Nearly 10 months ago, I embarked on my fourth year of teaching. I started in September in my elementary school special education classroom feeling, for the first time, that I had something to prove. To that end, I found myself working longer, harder, and smarter than I have at any point in my career. I reaped the benefits in many areas. I learned a lot. These are some of my most valuable takeaways heading into the summer.
One size can’t/won’t/needn’t ever fit all. There was a decided shift in my philosophy this year that I’m not sure I anticipated. On some level, I had previously believed, “If it works for one, it should work for all.” This evolved to, “If it works for one, what about everyone else?”
I made a much more concerted effort to differentiate process, product and most importantly, expectations. Because of this, students were, much more frequently than in my previous classes, able to work at their own paces, on their own levels, without fear of embarrassment and with the satisfaction of being able to do well.
Everyone shines at something. Some of my least social kids were the best dancers and singers. Some of my most struggling readers were the most patient teachers. Some of my least organized students had steel traps for memories. With all this, an important point came clearly into contrast: We should value our students for their strengths instead of demeaning them for their weaknesses.
Bring it back old school. Creativity is not the most valued trait in schools nowadays, which really stinks for the students, who are forced into boxes when all they yearn to do is be themselves. I was thrilled to get the green-light for some project-based learning at the end of this year and plan to forge ahead with it next year. But, oh, the challenge of designing opportunities for creative expression in a barren morass of mandates and testing. We’ll make it happen.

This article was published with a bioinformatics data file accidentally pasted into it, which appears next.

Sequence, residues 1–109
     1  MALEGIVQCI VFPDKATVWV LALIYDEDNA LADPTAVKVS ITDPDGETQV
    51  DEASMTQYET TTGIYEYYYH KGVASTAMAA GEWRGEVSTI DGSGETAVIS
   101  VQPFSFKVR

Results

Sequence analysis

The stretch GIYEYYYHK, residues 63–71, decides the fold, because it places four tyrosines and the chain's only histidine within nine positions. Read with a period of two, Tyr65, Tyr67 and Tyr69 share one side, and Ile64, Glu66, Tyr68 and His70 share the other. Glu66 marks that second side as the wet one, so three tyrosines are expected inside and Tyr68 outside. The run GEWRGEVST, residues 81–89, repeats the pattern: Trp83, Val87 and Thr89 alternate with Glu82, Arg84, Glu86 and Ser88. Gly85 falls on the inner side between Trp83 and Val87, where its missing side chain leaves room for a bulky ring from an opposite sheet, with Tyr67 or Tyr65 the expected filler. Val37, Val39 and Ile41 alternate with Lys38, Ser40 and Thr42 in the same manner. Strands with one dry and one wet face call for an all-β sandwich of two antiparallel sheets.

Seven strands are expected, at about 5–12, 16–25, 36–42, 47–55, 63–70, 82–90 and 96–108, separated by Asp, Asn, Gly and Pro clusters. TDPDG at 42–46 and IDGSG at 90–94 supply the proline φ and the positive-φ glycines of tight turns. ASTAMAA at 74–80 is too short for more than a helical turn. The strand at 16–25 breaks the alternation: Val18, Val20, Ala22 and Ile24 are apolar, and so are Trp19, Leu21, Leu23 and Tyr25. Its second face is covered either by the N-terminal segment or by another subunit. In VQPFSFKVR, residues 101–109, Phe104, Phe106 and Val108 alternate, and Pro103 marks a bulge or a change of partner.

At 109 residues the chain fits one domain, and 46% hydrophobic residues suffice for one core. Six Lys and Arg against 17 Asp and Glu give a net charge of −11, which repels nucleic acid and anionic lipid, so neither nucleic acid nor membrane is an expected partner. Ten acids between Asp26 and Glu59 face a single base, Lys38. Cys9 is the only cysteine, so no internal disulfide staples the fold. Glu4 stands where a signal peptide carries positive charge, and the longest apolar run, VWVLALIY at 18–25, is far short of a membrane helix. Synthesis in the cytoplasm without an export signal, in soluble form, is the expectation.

What are high expectations, anyway? I am very much on the record in my belief that expectations can be both high and realistic (isn’t that novel?), as opposed to the view that everyone can and should grow up to be a doctor or scientist (but never a teacher, for some reason).
It was never reasonable to expect a B reader in September to be a P reader in June. The fact that such a student is going to end the year on a G is no insignificant accomplishment. That another student went from D to L should be celebrated. That one of my most troubled students improved five levels is not a super shame, but a super story. I always knew the kids could improve, and them knowing that I knew it helped them strive and thrive.
Is there anyone out there? I assume so. I moved away from my old mentality about parents this year. No longer did I assume parents were disinterested just because they didn’t seek me out. Instead, I assumed they wanted to be involved but needed me to meet them in the middle.
I no longer allowed myself to justify a note sent in English simply because, “Well, I sent a note, didn’t I?” Virtually every note this year — for the whole class and for individuals — went home in English and Spanish. I sent home a newsletter seven out of 10 months. I sent nice notes. I sent certificates. I sent reminders. I sent thank-yous. I sent anecdotes.
My hope is that parents appreciated the effort and felt more a part of the goings-on in school.
Like my students, I started in September with certain goals in mind for the end of the school year. As it turned out, some of those goals couldn’t be addressed simply because the winds of change had different designs for me. That’s OK. I like where the wind took me.